When Dr. Belle arrived in Franklin in 2009, all three of our schools were fully accredited and two of the three schools had made Adequate Yearly Progress (AYP) in the year immediately prior to her taking the helm. AYP is the former measure of a school system’s success in meeting the mandates of the Federal “No Child Left Behind” program. Today, four years into Dr. Belle’s tenure, all three of our schools are accredited with warning by the Virginia State Board of Education (for the second consecutive year). S.P. Morton Elementary is warned in English and math, J.P. King Middle School is also warned in both English and math, and Franklin High School is warned in math as well. S.P. Morton and J.P. King are now both classified as Priority Schools, meaning they rate in the bottom five percent of all Title I schools in Virginia. Out of more than 1,800 public schools in the state of Virginia, there are 37 schools that are identified as Priority Schools for the 2013-2014 school year, and we have two of them right here in Franklin. In four short years, we have seen our previously fully accredited schools slide to the point where they are now very near the bottom of the state rankings. Dr. Belle, and others, will offer the excuse that the rigor of the Virginia Standards of Learning (SOL) tests has increased. While this is true, we need to remember that the same tests are administered in all school divisions across the entire state. Scores show that we’ve fallen faster in comparison to other localities, and as parents we now see our children attending the lowest performing five percent of all Title I schools in Virginia. This is nothing to take lightly. Children’s hopes for the future are at stake, as are the hopes of our entire city. A failing school system has a detrimental effect on the entire community, and will for many years to come. Something must change.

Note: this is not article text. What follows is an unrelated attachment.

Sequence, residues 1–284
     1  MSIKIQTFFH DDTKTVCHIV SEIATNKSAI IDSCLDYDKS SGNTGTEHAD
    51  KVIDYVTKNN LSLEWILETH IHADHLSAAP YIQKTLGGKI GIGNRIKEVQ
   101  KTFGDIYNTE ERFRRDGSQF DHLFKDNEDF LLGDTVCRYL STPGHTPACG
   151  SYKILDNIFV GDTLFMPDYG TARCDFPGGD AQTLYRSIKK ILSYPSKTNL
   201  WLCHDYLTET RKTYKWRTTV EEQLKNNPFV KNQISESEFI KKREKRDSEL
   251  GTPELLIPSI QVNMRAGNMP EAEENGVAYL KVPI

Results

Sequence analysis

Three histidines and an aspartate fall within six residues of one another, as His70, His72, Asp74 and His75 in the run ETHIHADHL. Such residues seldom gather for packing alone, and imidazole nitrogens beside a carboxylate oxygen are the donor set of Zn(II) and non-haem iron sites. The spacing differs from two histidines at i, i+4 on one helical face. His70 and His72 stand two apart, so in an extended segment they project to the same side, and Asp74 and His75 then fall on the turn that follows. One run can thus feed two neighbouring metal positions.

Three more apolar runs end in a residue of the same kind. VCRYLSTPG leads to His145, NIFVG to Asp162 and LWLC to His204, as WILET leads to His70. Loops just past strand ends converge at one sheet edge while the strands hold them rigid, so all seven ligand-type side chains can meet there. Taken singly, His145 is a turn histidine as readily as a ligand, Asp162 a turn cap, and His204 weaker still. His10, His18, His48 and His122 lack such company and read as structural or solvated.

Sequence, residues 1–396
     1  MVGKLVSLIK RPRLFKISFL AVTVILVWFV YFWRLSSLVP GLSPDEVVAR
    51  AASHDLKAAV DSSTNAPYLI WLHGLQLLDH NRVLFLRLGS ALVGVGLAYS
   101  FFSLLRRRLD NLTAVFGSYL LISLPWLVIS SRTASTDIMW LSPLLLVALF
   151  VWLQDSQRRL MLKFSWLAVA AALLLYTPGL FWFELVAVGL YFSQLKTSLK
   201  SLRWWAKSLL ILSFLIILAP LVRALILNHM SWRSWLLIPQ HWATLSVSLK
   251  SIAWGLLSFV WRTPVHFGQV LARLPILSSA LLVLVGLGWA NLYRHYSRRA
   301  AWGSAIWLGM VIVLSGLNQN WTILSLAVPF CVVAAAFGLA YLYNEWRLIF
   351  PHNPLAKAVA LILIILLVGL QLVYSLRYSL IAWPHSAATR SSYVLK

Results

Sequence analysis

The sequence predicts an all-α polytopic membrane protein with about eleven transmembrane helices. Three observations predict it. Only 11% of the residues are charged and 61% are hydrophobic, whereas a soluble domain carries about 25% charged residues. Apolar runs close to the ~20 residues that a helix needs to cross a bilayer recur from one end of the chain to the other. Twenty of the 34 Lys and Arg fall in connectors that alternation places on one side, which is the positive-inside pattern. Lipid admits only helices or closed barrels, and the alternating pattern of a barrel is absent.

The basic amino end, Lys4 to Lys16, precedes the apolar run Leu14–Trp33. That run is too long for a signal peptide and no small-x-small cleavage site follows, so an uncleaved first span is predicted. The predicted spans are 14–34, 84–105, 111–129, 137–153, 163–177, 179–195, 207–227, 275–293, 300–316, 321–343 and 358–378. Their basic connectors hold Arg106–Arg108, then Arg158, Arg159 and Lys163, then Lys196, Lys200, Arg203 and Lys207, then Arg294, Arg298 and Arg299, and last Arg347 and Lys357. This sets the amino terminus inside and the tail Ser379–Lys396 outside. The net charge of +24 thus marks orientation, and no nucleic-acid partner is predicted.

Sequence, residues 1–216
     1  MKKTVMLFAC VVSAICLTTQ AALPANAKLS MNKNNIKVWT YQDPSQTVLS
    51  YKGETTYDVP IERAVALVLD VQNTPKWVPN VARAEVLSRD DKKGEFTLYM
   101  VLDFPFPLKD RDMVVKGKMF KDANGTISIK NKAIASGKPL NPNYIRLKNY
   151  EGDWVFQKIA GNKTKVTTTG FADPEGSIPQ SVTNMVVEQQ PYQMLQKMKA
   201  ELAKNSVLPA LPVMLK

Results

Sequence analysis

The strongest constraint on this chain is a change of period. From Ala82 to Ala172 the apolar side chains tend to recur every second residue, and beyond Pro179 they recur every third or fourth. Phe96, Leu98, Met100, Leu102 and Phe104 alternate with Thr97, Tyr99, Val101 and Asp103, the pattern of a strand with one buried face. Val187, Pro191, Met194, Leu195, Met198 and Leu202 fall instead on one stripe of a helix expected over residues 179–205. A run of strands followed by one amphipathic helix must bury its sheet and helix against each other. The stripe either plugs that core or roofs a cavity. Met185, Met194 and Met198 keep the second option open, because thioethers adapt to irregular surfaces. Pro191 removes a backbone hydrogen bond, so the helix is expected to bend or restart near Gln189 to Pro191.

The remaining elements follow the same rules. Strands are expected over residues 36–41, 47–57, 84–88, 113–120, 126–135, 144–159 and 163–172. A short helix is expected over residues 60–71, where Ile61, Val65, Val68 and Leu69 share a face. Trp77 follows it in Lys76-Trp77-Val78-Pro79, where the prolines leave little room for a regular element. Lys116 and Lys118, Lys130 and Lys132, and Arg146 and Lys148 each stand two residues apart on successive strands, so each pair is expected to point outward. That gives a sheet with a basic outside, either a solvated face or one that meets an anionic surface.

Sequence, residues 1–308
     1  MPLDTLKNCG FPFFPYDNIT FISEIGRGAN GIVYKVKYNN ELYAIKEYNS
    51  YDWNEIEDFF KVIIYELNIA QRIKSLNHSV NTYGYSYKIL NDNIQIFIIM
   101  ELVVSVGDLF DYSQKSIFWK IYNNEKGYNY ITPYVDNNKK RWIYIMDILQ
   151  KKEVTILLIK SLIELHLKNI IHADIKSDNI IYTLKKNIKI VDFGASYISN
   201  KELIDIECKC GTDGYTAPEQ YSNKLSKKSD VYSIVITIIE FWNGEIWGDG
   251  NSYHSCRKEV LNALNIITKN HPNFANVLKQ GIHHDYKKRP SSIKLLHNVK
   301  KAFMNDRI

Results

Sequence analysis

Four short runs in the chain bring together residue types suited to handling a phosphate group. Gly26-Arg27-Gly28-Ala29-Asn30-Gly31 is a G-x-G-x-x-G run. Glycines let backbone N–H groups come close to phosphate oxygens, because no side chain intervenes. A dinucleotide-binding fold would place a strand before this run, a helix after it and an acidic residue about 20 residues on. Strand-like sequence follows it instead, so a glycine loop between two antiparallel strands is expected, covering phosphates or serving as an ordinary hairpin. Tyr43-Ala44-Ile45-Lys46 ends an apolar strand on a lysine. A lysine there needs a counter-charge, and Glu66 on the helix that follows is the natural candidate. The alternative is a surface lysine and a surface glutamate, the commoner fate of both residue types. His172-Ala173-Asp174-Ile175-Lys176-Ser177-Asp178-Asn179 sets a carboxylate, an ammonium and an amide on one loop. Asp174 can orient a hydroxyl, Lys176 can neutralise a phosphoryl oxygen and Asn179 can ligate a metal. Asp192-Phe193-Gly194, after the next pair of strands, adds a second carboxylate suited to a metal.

Not surprisingly, our SOL test scores have also suffered in Franklin under Dr. Belle’s leadership. Included herewith is a chart, which shows FCPS performance on the state SOL assessments over the past eight years. The blue vertical bar is inserted to indicate the point at which Dr. Belle was hired as our superintendent. The green blocks on this chart indicate years in which our student performance on a particular SOL test improved as compared to the previous year, while red blocks show places where our SOL test scores fell in comparison to the previous year. As you can see at the bottom of the chart, our test scores were generally on the rise before Dr. Belle was named superintendent. We had shown gains in twice as many test areas as ones where we had decreases (30 gains vs. 15 losses). In the time since Dr. Belle was hired (everything to the right of the blue bar), we’ve had almost twice as many areas where scores have decreased (22 gains vs. 38 losses). Today, we are swimming in a sea of red scores. We’ve lost all of the upward momentum which our community had been scratching and clawing to achieve before Dr. Belle’s arrival, and have now fallen into a period of general malaise. Are our children no longer as smart as they once were? I don’t believe this is the case. Instead, I see the overall decline in our test scores as evidence of a lack of quality educational leadership. There are other schools across the state who have been successful in spite of similarly challenging student profiles, and we have proven previously that we can also be successful teaching our kids here in Franklin. It is not our children who are the problem. It is our lack of educational leadership and focus. Something must change.